Sattva Guna

 

       The fourteenth chapter in the Bhagavad-Gita examines the three modes of material nature. The modes Sattva Guna, Rajas Guna and Tamas Guna, correspond exactly to the Three Alchemical Principles, Mercury, Sulphur and Salt. Sattva Guna is the Vedic term translated as 'Goodness' by Swami Prabhupada in his version, Bhagavad-Gita As It Is. Other translators of the Gita have used 'Intelligence, Substance and Luminous Material' for Sattva. These are descriptive of what all European and mid-eastern sages and seers through history have equated with their Mercury mode in metals.

 

       Under SALT in this site, it is suggested that the Salt Principle is usually defined as the 'Substance or Body' quality of the One-Matter. So some confusion may surface with translating Sattva as 'Substance.' Substance, under Salt, does possess the intrinsic power of material embodiment. But all three, we must remember, are qualities or principles of just ONE THING. Under Sattva, Mercury, this ONE THING is also a substance, a luminous substance, a material exuding intelligence or sentience. It shimmers and glitters with an inner, luminous knowing, devoid any embodiment or animation. It represents the pure Knowledge aspect of the ONE. Rajas Guna and Tamas Guna, Alchemical Sulphur and Salt respectively, are both from Sattva Guna, Universal Mercury. Psychology would equate these three modes with the super-conscious, sub-conscious and self-conscious modes of consciousness. Mercury (Sattva) is the all pervading Super-conscious Self. Sulphur and Salt are the Self-conscious and Sub-conscious phases of expression within this same All-Consciousness. When a person is conditioned with the Sattva quality pervading, illumination is possible only if the individual is not caught up in the separative reflection of this mode. Says Swami Prabhupada in the sixth paragraph of the fourteenth chapter:

"O sinless one, the mode of goodness, being purer than the others, is illuminating, and it frees one from all sinful reactions. Those situated in that mode become conditioned by a sense of happiness and knowledge."1

 

       Since the Sattva quality is in essence the same as Universal Mercury, one could not help lean toward the higher aspirations, thoughts, and actions which are influences of this mode. One major trap of Sattva in personalities not intent on the One Life, however, is intellectual servitude. It is the trap of being caught up in one's own pseudo sense of self importance and intelligence. Swami Prabhupada comments upon paragraph six in the Gita:

"Difficulty here is that when a living entity is situated in the mode of goodness he becomes conditioned to feel that he is advanced in knowledge, and because they generally improve their working conditions, they feel a sort of material happiness. This sense of advanced happiness in conditioned life makes them bound by the mode of goodness of material nature."2

 

       The self reflection of the Sattva mode is explained further by the stalkers' system of classification, recorded in Carlos Castaneda’s Power of Silence:

"...and he continued explaining the stalkers' system of classification. He said that people in the first class are the perfect secretaries, assistants, companions. They have a very fluid personality, but their fluidity is not nourishing. They are, however, serviceable, concerned, totally domestic, resourceful within limits, humorous, well-mannered, sweet, delicate. In other words, they are the nicest people one could find, but they have one huge flaw: they can't function alone. They always need someone to direct them. With direction, no matter how strained or antagonistic that direction might be, they are stupendous. By themselves they perish."3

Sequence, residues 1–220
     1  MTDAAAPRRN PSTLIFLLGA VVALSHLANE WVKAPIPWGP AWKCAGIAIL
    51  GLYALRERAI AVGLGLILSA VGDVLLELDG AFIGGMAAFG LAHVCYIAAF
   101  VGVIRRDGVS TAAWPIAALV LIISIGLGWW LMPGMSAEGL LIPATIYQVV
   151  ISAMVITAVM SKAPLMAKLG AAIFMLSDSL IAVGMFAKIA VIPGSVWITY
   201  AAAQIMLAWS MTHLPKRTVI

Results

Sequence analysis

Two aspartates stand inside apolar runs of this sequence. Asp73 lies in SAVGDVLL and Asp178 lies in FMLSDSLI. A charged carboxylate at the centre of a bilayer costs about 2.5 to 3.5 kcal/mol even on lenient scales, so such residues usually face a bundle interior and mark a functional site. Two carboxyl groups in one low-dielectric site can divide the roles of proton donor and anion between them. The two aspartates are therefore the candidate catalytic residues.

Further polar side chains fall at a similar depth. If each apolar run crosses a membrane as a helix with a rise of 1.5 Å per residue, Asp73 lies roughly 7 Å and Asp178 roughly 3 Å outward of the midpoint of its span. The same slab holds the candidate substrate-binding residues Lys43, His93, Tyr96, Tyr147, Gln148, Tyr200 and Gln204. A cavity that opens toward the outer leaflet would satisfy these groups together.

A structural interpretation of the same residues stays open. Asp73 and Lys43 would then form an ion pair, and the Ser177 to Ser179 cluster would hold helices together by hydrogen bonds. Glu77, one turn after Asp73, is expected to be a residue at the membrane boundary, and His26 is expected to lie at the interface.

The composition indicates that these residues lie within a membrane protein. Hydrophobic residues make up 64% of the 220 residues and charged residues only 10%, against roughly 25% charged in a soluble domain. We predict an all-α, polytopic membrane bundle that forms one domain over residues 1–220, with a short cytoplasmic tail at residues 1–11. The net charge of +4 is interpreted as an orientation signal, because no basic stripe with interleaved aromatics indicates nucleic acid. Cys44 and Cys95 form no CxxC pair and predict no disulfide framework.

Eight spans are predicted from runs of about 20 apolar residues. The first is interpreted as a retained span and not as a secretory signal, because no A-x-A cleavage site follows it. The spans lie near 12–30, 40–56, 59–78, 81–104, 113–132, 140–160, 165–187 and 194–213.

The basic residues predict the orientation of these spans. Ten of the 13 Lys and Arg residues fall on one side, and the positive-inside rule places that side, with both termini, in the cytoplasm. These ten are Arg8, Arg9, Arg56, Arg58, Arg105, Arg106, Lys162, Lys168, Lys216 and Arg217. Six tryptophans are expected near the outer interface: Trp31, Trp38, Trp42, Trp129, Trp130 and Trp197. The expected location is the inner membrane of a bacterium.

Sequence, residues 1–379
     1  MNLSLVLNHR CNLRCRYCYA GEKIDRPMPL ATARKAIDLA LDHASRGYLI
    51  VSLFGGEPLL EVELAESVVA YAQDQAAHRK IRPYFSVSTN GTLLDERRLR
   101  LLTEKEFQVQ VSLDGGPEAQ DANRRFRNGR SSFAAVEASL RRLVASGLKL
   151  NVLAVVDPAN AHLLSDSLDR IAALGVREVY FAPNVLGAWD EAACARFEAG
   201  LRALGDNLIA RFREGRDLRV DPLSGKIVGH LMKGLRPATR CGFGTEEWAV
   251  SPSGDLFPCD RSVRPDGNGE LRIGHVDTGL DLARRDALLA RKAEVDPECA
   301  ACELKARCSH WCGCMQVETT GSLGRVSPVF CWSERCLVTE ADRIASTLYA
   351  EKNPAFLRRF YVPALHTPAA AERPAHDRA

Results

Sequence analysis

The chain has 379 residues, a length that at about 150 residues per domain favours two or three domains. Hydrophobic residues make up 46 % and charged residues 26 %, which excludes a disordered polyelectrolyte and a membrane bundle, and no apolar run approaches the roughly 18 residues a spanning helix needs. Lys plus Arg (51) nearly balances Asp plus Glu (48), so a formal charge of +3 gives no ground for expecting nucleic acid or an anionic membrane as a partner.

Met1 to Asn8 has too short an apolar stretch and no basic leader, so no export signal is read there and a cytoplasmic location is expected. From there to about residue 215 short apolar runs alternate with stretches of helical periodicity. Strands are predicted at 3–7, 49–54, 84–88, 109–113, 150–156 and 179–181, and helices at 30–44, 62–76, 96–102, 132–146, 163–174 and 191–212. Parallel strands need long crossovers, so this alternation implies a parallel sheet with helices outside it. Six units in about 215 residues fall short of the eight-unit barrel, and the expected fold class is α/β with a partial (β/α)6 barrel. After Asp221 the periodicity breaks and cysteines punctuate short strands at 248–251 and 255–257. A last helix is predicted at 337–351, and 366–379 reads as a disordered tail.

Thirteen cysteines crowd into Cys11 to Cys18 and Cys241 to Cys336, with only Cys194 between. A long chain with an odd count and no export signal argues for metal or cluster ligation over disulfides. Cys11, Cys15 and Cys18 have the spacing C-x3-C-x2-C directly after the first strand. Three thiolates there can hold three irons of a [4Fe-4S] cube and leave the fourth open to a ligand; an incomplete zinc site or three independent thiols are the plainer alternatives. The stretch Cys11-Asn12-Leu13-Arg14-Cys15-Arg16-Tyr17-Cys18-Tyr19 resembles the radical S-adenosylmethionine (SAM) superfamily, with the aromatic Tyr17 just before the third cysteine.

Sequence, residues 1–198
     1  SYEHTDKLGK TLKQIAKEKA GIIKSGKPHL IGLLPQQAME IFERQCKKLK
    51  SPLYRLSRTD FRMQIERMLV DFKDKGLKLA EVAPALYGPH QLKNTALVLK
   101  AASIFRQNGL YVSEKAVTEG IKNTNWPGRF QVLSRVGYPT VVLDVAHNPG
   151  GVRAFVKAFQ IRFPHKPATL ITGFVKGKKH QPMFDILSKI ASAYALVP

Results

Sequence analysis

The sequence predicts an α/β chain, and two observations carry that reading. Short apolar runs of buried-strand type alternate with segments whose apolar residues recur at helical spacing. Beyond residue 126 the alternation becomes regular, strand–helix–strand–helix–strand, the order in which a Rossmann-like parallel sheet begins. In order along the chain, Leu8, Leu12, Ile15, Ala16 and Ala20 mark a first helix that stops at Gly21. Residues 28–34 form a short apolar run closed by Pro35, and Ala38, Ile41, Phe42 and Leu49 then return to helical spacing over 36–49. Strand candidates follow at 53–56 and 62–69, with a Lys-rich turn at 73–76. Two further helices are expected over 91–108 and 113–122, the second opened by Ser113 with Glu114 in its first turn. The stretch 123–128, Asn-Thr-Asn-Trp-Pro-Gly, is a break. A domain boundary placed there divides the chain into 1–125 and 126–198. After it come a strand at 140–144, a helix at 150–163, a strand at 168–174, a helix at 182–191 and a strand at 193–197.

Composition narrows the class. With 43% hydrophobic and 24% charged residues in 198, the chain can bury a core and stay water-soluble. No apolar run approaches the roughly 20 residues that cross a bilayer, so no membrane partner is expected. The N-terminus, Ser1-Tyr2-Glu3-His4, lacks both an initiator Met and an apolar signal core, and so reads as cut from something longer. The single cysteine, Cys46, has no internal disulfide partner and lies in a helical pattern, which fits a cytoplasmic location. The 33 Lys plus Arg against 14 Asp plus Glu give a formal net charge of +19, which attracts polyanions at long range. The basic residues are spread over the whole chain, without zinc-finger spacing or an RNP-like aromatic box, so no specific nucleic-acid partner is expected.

The Bhagavad-Gita instructs us to become as the Sattvic Human. Alchemists teach us to make Mercury of all our metals. 'Metals' are the force centers in the etheric bodies that affect human behavior through the corresponding responses of physical glands and organs. All the metals have the three qualities. If the Sulphur in some or all these metals tends toward the Salt quality (Tamas Guna), human behavior is more animalistic, base and crude. By the action of Sulphur (Rajas Guna), desire keeps us in the lower passions or steers us toward the Mercury (Sattvic) quality in those same centers. Desire is the foremost key. Our zealous aspirations direct us consciously toward studies, meditations and prayers which slowly melt the subconscious Salt-ish tendencies into dissolution. We in effect, alchemically speaking, 'wash our metals of Salt with Sulphur.' Through sulphurous, conscious intent, we can change our prior false knowledge about the world of substance and its meaning in our growth, and rid subconsciousness of the ignorant habit patterns which keep us in bondage to those same misconceptions. Shown here are some comparative classifications:

Gunas: Sattva, Rajas, Tamas

Modes: Mercury, Sulphur, salt

Stalker's Class: First, Second & Third Classes

Psychology: Super-cons, Self-cons, Sub-cons

     Darkness in the deeper levels of the subconscious is conversely affected by Sattva, Universal Mercury, from super-conscious levels even deeper. This is explained elsewhere under RED WORK and OPERATION OF THE SUN AND MOON. It is from the upper, inner realms that the work began, and by which it will be completed. All we need do is keep the conscious, Rajas fires burning toward the goal of reunion, and we can not fail. The final completion, however, may be crowned only by the Loving Grace from the Almighty. Refer to GUNAS, MERCURY, SALT, SULPHUR, THREE PRINCIPLES, RAJAS GUNA and TAMAS GUNA in conjunction with the above.

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1 Prabhupada, A.C. Bhaktivedanta Swami, The Bhagavad-Gita As It Is. West Germany: Bhaktivendanta Book Trust, 1985 ed. pg. 686.

2 Ibid., pg. 687.

3 Castaneda, Carlos, The Power Of Silence. New York: Pocket Books, 1987, pg. 246